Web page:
US embassy Cape Town hackathon to seek tech solutions for gender-based violence

Featured image: via Flickr (CC BY-SA 2.0)

The US Embassy in South Africa will on 23 and 24 November hold a hackathon in Cape Town focused on create innovative digital solutions to the problem of gender-based violence.

The winning team at the hackathon, which will be held at the EY offices at the V&A Waterfront in Cape Town, will walk away with R25 000.

The runner up will receive R15 000 and there will be R5000 in spot prizes up for grabs. The hackathon is open to emerging software developers, IT professionals, trainers, civil society organisations, students, academics and professionals.

The event is the first of four that will be held in Cape Town and Johannesburg over the next 12 months

It is the first of four hackathons that will be held in Cape Town and Johannesburg over the next 12 months as part of the embassy’s Hackathons for South Africa: Digital Solutions for Real World Challenges initiative.

During the hackathon, attendees will explore what can be done to make communities safer, investigate how best to respond to threats, and produce tech that could save lives.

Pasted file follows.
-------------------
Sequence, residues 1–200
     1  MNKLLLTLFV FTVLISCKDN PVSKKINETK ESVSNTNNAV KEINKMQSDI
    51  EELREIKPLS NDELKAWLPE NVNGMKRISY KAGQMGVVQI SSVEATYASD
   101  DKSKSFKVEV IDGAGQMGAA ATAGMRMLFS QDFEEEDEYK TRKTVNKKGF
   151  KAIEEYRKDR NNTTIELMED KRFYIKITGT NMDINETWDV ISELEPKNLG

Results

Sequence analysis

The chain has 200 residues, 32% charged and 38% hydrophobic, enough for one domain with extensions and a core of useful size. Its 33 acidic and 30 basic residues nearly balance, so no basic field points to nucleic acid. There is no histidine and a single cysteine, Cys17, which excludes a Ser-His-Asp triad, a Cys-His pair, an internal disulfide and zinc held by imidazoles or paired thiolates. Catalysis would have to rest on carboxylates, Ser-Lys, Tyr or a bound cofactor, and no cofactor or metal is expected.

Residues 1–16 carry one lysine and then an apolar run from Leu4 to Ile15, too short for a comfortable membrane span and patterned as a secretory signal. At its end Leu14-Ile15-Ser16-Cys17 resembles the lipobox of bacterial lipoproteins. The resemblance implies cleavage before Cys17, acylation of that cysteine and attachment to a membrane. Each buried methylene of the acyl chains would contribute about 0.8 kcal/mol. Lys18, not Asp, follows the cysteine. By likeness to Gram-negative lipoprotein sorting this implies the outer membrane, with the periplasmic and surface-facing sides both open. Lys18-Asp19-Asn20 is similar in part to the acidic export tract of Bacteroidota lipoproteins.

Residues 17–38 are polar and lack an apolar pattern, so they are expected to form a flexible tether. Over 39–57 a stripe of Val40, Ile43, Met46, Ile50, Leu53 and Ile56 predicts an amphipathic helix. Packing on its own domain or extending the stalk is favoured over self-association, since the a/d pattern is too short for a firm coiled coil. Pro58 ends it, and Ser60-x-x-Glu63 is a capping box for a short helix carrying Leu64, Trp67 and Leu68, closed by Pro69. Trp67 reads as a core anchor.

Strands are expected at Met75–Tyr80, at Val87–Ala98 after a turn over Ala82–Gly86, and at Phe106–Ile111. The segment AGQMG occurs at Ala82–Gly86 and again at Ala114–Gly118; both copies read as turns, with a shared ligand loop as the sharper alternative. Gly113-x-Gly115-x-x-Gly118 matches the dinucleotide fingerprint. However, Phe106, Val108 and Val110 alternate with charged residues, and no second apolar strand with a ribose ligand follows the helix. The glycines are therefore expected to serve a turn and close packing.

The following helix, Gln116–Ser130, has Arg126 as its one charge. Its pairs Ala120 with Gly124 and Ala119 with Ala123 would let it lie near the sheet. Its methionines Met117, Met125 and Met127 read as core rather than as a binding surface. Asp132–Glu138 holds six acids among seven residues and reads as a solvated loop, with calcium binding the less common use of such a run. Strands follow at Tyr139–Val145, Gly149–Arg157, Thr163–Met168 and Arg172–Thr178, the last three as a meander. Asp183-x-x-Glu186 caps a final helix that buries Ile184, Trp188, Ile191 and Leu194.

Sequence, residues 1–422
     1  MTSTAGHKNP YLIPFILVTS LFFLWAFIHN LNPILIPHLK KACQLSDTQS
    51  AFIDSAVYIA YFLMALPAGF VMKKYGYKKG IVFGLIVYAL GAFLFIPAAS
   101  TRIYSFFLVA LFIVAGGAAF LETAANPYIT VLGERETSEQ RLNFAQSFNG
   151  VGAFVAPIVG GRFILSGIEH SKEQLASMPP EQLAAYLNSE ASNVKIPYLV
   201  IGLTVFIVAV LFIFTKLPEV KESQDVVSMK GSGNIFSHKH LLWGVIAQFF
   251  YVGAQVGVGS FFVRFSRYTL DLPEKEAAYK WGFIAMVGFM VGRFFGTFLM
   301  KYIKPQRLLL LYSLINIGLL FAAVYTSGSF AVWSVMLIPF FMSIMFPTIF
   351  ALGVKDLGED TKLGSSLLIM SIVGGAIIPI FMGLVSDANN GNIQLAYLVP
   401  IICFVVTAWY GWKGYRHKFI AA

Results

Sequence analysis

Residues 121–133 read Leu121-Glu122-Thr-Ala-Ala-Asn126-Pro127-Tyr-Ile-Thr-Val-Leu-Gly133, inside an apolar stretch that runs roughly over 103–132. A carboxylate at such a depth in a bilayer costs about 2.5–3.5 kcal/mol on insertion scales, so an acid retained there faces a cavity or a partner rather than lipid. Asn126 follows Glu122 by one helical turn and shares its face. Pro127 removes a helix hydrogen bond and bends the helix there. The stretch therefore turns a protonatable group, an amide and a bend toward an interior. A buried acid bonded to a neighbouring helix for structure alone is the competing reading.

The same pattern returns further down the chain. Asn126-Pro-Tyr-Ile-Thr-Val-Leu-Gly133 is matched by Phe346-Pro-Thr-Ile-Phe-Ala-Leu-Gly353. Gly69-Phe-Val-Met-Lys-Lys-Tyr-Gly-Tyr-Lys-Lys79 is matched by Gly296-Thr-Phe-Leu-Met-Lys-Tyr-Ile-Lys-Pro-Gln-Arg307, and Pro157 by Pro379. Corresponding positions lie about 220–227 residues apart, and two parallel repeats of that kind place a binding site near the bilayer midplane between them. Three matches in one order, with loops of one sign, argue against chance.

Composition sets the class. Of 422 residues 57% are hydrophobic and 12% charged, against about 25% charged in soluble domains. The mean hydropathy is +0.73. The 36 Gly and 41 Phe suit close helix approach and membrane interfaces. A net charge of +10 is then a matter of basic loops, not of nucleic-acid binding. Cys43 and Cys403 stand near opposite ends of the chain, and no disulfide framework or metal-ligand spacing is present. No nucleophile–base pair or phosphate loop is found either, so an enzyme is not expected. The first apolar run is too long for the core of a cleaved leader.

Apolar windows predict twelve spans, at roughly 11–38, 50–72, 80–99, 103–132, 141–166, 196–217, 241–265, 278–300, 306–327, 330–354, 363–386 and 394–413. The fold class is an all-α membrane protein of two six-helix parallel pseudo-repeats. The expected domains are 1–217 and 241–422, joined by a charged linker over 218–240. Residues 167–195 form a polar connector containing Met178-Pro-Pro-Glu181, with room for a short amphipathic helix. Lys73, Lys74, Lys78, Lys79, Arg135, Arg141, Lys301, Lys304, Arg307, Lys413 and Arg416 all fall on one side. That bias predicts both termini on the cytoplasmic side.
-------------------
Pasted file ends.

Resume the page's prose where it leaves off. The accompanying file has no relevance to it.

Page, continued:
Implementing partner Silicon Cape will connect the winner with accelerators, mentors and other relevant community members such as developers, angel investors and venture capitalists that can help bring their solution to life.

Amazon Web Services will also give the winning team access to the low cost, easy-to-use infrastructure needed to scale and grow via the AWS Activate programme.

The programme includes benefits like $10 000 worth of AWS Promotional Credits, which are valid for two years, AWS Business Support valued at $5 000 which is valid for up to one year and a solution architect technical whiteboarding session.

Deputy consul general at the US consulate in Cape Town Will Stevens said in a statement on Monday (4 November) that the scourge of gender-based violence is something that affects communities in both South Africa and the US.

“By bringing together South African and American civic activists, coders, and creatives, we believe that this hackathon will offer real solutions to help tackle the problem in both our societies,” added Stevens.

Silicon Cape chairperson Sumarie Roodt said through these hackathons, it hopes to bring to the fore real solutions that could help people to either change their reality or perception for the better.

“We want to instil hope and would like to upskill all participants with new mental models and frameworks that they could apply to other areas of their working or personal lives.

“Most importantly, we want to build stronger communities and build a bridge between South Africa and the USA,” added Roodt.

Featured image: via Flickr (CC BY-SA 2.0)



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